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As we know, a current carrying wire can create a magnetic field which is perpendicular to the direction of current (From relativity, we can understand why magnetic fields are produced ) and the net charge of the wire is zero. So, no electric field will be produced.

If the wire is moving, will the magnetic field move? I learned that a moving magnetic field can produce electric field. Where am I missing the concept clearly?

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  • $\begingroup$ Actually it's precisely from relativity that an electric field is produced by an otherwise stationary neutral wire. The magnetic field is how the electrostatic field behaves when the charges are in motion. When they are still (relative to an "observing charge"), they produce no electric charge (relative to that particular "observing charge" in question) but if they start moving then space contracts from the perspective of the observing charge and now the wire is no longer neutral because of a perceived surplus of charge in the wire due to a perceived increase in density of charge in the wire. $\endgroup$ – Andrew Oct 7 at 8:57
  • $\begingroup$ Pretty much every real wire carrying current does produce an electric field in its surroundings due to the electric charge induced on its surface. It does not have to move at all. I understand that you aim towards relativistic effects, this nevertheless answers your title question. $\endgroup$ – Tomáš Brauner Oct 7 at 9:41
  • $\begingroup$ If there is a relative velocity between the wire and the charged particle (parallel to the wire), the charged particle will feel the magnetic force. If the relative velocity is zero, the particle will feel no force. Am I right? @andrew $\endgroup$ – Dumb_kaz Oct 7 at 13:24
  • $\begingroup$ I am high school student. Sorry for my poor question. In this formula, F=qvB, here v is the velocity with respect to what? $\endgroup$ – Dumb_kaz Oct 7 at 13:26
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the net charge of the wire is zero. So, no electric field will be produced.

The charge of the wire being zero means that there is no electrostatic E-field. However there are other ways to produce E fields. Faraday’s law says $$\nabla \times E=-\frac{\partial}{\partial t}B$$ Which means that you can also get a circulating E field by having a B field which changes in time.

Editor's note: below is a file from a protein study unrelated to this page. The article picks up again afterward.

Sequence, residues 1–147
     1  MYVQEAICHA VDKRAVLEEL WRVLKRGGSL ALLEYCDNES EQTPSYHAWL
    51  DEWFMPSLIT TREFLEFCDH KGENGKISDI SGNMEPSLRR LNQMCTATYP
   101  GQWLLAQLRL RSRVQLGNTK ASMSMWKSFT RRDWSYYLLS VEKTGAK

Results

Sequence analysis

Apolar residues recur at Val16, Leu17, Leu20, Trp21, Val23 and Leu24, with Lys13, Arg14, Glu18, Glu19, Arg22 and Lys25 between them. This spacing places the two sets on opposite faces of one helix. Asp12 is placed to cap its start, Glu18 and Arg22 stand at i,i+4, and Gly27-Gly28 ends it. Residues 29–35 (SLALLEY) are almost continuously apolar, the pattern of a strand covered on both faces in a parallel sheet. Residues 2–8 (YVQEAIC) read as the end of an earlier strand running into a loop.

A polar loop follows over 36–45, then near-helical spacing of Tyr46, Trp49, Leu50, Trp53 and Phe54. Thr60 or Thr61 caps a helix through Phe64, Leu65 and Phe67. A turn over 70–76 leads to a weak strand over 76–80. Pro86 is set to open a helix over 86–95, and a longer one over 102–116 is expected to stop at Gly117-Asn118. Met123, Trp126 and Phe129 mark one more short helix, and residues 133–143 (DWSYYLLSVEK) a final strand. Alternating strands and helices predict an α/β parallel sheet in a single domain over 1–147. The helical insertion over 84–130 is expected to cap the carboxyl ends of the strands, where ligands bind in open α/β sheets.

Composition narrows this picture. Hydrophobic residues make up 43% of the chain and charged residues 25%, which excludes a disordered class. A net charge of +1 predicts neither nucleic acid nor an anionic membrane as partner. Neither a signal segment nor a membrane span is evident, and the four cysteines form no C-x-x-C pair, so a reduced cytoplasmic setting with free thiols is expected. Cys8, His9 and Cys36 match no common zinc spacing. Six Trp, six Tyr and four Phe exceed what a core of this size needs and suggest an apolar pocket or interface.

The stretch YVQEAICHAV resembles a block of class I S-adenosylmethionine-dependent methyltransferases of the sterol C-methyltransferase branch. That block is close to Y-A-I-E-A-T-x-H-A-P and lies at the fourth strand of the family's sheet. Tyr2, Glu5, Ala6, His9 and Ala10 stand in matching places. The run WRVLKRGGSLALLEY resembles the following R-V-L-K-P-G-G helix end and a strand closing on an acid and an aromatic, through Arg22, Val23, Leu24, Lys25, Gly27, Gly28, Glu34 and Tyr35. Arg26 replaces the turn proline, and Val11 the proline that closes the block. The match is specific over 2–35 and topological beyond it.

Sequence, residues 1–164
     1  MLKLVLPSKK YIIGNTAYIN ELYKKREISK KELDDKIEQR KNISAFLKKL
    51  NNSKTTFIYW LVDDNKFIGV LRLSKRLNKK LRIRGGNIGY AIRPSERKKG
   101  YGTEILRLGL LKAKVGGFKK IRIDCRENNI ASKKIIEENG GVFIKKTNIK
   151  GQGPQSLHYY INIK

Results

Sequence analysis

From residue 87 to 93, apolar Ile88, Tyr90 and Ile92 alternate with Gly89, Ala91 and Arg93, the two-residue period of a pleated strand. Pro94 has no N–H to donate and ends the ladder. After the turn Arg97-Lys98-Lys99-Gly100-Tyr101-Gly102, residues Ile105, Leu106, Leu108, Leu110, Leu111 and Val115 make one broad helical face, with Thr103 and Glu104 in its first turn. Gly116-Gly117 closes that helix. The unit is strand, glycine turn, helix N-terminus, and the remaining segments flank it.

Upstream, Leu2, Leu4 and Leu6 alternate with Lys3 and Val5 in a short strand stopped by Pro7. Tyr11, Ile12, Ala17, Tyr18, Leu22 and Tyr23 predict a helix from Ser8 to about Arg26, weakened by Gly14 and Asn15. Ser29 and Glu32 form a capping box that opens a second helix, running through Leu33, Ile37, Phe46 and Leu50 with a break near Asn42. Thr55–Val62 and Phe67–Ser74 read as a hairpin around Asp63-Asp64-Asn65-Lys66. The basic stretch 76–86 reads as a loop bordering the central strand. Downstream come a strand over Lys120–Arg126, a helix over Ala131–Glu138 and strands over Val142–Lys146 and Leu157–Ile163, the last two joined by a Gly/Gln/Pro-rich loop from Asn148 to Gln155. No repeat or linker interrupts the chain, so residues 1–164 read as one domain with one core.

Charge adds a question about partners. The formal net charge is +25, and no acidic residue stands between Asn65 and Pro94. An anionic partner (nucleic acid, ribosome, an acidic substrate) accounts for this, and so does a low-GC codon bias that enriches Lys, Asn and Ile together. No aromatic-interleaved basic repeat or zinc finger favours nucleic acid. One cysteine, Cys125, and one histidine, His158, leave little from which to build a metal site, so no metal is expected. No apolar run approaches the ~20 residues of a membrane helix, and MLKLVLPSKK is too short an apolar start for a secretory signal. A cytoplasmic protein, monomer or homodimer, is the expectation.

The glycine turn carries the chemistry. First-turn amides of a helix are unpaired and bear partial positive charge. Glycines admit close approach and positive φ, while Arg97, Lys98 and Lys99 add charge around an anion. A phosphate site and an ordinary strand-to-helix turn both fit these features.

In your case, since the wire is moving the B field changes over time leading to an E field.

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To explore the concept further, note that the overall charge density of the wire is in fact something that depends on your frame of reference.

To see this, imagine that you're on a starship next to an infinitely long, neutrally-charged but current-carrying wire. As you accelerate closer to the speed of light, you "catch up" to the electrons moving in the wire -- but conversely, the 'stationary' positive ions they're loosely attached to are now moving backwards.

Since they're moving relative to you, they now experience length contraction; meanwhile, the electrons, which were already moving and therefore already contracted relative to your original inertia frame, are spreading back out as you catch up. So the relative charge densities will themselves change as you move -- meaning that the wire appears to pick up a charge!

And, of course, whether you're moving relative to the wire or it's moving relative to you doesn't matter -- so you immediately see that yes, a moving neutrally-charged wire should general produce an electric field.

(This is somewhat separate to the Ampere's Law effect from Dale, though they turn out to be the same law when you move into the full spacetime formalism.)

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  • $\begingroup$ From this, can I also explain why the magnetic force is perpendicular to the motion? $\endgroup$ – Dumb_kaz Oct 8 at 9:26
  • $\begingroup$ Drift velocity is very very small than the speed of light. If I accelerate closer to the speed of light, shouldn't see that the electrons are moving backwards also? $\endgroup$ – Dumb_kaz Oct 8 at 9:32
  • $\begingroup$ Yep -- but a whole Coulomb is huge, so even though the effect is tiny you can still get respectable field strengths out of it. (If you want to play around more with this, I suggest looking up four-vectors, specifically the fact that you can trade off vector with scalar potentials with the four-potential: en.wikipedia.org/wiki/Four-vector#Electromagnetism) $\endgroup$ – linkhyrule5 Oct 8 at 18:10
  • $\begingroup$ Also, no matter how fast you go there'll be a difference in the relative velocities of the bulk and the electrons, and there's only one such relative velocity that causes the charge densities to 'cancel'. $\endgroup$ – linkhyrule5 Oct 8 at 18:21

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